Environmental initiatives started in earnest at the University of Minnesota, Morris campus thanks to an unusually high spike of fuel prices from 2000 to 2001.
Since then, UMM has embarked on several projects to reduce its reliance on fossil fuels and move the campus to more renewable forms of energy while also providing research opportunities into the “green” initiatives.
To continue its focus, UMM currently is bolstering its environmental initiatives by applying for bonds to help finance several projects. The hope is that by the spring of 2009, all of the green projects will be completed, according to Lowell Rasmussen, Associate Vice Chancellor for Facilities and Finance.
Four applications were submitted to the Internal Revenue Service for the Clean Renewable Energy Bonds, or CREB. These bonds come from the Clean Policy Act of 2005, and the goal of the act, according to the IRS, is to provide ways for communities and institutions to produce cleaner, more economical energy.
At UMM, the CREB funds are being used to produce or plan wind power projects and energy initiatives related to the university’s biomass burner.
And the university is under time constraints. UMM is experiencing difficulties obtaining wind turbines and a Dec. 31 deadline looms to use the CREB money. If it can’t be allocated by the end of the year, it must be returned to the IRS, Rasmussen said.
That’s a situation the university would dearly love to avoid because of the value of CREB.
The bonds act as special type of “tax credit bond,” according to the Environmental Law and Policy Center, which provides for rural electric cooperatives and municipal electric utilities, which is the equivalent of an interest-free loan for financing qualified energy projects.
Four applications for the CREB bonds were submitted last year, with each application covering a different project. Last summer, UMM’s applications were accepted.
Now, it’s a matter of patience as the projects are implemented.
The West Central Research and Outreach Center submitted the first application for photovoltaic, solar powered energy converters, and a small residential wind turbine to power the WCROC administrative building. Funding for a planned addition to the WCROC was approved the the Minnesota Legislature this winter, and the new building will be outfitted for conversion to “green” energy practices.
“The intent is to use these systems to demonstrate how to use renewable energy to power a single building,” Rasmussen said. “The 2008 bonding bill included an addition to the WCROC administrative building and the CREB bonds seemed to be an opportunity to make this addition renewably powered.”
The second application was for a steam turbine at UMM’s heating plant that will be used to provide electrical power for the campus, Rasmussen said.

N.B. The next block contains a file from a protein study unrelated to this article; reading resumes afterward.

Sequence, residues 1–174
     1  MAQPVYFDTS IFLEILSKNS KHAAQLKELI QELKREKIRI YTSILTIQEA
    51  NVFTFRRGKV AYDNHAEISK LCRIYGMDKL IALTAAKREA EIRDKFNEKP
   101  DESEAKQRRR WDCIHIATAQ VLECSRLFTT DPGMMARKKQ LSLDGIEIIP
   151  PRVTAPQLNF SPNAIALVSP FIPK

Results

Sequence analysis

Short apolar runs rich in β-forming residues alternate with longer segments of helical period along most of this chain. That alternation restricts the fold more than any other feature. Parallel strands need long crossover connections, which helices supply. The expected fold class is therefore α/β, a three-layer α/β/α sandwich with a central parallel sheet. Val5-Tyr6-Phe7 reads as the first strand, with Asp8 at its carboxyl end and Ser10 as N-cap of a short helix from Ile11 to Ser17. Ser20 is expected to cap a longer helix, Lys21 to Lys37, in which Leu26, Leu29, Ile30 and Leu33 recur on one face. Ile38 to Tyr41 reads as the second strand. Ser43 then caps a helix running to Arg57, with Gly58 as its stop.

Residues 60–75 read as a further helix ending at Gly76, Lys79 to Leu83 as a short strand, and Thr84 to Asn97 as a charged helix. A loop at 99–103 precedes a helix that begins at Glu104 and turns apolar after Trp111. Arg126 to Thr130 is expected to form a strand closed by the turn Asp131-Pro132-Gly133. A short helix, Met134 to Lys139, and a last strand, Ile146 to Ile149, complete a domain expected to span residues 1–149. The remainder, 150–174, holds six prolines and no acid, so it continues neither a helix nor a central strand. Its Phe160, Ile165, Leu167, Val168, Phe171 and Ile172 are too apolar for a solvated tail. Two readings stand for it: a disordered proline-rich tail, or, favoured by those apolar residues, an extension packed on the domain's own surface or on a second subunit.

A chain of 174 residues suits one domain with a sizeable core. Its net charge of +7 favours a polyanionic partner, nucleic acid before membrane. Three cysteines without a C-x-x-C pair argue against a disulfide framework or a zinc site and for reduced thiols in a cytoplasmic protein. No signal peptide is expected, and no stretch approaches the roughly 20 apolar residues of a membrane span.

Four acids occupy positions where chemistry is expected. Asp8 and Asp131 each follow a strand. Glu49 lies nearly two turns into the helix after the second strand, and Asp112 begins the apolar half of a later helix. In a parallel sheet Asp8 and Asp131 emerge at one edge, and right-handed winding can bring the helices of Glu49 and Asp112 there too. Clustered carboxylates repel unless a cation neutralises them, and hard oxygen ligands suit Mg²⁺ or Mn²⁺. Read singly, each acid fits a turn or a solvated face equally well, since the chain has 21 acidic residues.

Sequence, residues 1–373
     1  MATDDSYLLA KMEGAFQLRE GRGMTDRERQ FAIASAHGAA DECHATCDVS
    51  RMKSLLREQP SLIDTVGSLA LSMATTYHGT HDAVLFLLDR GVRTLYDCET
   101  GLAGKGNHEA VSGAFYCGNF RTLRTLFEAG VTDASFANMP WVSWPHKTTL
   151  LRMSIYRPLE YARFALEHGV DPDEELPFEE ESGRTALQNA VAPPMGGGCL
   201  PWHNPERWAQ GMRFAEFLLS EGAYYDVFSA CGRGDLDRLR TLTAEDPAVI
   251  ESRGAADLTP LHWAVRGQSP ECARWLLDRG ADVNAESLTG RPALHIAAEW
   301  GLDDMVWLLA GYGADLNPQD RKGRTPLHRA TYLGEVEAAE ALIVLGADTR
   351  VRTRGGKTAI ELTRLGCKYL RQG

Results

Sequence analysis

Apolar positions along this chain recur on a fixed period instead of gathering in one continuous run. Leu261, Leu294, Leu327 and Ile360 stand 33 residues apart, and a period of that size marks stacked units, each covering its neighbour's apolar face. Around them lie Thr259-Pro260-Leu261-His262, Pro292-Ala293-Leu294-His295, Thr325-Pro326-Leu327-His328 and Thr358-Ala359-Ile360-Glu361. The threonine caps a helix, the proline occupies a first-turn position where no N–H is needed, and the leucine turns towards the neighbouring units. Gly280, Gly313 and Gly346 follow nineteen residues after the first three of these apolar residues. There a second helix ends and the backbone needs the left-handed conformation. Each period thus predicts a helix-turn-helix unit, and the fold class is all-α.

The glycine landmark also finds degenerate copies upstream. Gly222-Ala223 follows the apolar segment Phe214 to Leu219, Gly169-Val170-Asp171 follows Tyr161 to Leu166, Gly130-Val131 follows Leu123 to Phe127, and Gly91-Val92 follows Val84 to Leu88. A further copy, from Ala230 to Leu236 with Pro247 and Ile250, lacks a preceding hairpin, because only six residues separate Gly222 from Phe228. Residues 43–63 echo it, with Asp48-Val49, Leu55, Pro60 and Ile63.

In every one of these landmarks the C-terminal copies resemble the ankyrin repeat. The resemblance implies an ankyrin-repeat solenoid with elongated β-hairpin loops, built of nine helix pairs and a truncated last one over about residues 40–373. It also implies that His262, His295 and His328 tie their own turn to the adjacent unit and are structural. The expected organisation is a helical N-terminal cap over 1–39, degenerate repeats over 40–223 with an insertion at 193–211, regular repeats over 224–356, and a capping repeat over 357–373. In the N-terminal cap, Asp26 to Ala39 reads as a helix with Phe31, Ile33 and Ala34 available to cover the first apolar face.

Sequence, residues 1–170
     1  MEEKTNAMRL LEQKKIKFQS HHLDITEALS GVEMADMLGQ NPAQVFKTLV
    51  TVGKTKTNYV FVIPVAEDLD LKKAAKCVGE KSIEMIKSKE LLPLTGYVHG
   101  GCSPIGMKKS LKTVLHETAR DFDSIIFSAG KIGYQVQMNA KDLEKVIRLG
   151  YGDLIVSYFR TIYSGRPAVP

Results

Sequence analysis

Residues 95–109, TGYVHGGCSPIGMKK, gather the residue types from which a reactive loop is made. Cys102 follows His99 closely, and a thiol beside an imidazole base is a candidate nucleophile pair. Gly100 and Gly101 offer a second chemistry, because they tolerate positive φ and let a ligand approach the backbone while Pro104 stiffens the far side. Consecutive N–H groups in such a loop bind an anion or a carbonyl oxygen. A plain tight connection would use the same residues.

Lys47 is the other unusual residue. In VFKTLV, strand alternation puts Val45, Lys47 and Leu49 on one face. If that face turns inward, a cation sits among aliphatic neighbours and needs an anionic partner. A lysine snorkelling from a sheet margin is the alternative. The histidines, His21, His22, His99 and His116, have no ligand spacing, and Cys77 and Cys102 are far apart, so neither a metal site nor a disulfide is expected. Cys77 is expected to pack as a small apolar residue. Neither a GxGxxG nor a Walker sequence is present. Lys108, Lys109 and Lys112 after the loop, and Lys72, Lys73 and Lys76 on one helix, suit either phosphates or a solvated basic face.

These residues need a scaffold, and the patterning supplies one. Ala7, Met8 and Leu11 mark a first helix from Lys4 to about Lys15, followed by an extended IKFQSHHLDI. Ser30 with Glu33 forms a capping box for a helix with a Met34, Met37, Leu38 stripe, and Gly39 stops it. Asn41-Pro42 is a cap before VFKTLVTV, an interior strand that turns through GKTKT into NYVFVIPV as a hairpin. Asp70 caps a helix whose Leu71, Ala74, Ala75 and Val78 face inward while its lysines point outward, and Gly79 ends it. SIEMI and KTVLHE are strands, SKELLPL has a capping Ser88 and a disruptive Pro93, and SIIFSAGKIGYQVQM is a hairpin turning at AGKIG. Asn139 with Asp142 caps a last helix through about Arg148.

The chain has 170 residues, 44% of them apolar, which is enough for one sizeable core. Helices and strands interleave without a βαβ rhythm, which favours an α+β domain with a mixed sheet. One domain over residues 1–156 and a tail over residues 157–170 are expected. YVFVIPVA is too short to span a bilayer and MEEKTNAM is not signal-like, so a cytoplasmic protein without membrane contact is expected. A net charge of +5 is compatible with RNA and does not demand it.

“It is significant because we can use this system to replace electricity when the wind turbines are not running,” he said.
With this added source of electricity, the carbon footprint of the university will be reduced even further. The obvious goal is to eventually eliminate the carbon footprint, Rasmussen said.
A third application that was submitted for a second, larger wind turbine which would be positioned by the current turbine near the WCROC. That turbine was commissioned in 2005 and provides about half of the campus’ electricity.
The new turbine would be used to meet the rest of the campus’ needs, as well as additional power that would be sold to Otter Tail Power. Negotiations between Otter Tail Power and UMM have already started, though no written agreement has been settled, Rasmussen said.
A third turbine grant was applied for through a joint application between the university and the Mille Lacs Band of Ojibwe. The proposal was to place a turbine on the Mille Lacs Band’s land to provide electricity for the band. The turbine would then be owned by both parties, and the university would sell their portion of the energy on the grid. Profits would be used to help promote green programs at UMM, although details of how profits would be used are still in the works, Rasmussen said.
The turbines will be built as soon as the university can find a manufacturer. Several turbine producers do not accept small orders; most require sizeable requests before any can be produced. That raises a problem for the university because of the small number needed.
As a solution, the university suggested to the Minnesota Legislature that the state purchase wind turbines in larger numbers and sell them to schools and other non-profit organizations. The proposal is pending, Rasmussen said.
The deadline for having the money allocated is Dec. 31, by which time the university either has to issue the bonds or return the money to the IRS. Though there is no consequence for the unused bonds, the hope is to move the project forward very soon, he said.
By Britney Appier
19 July 2008
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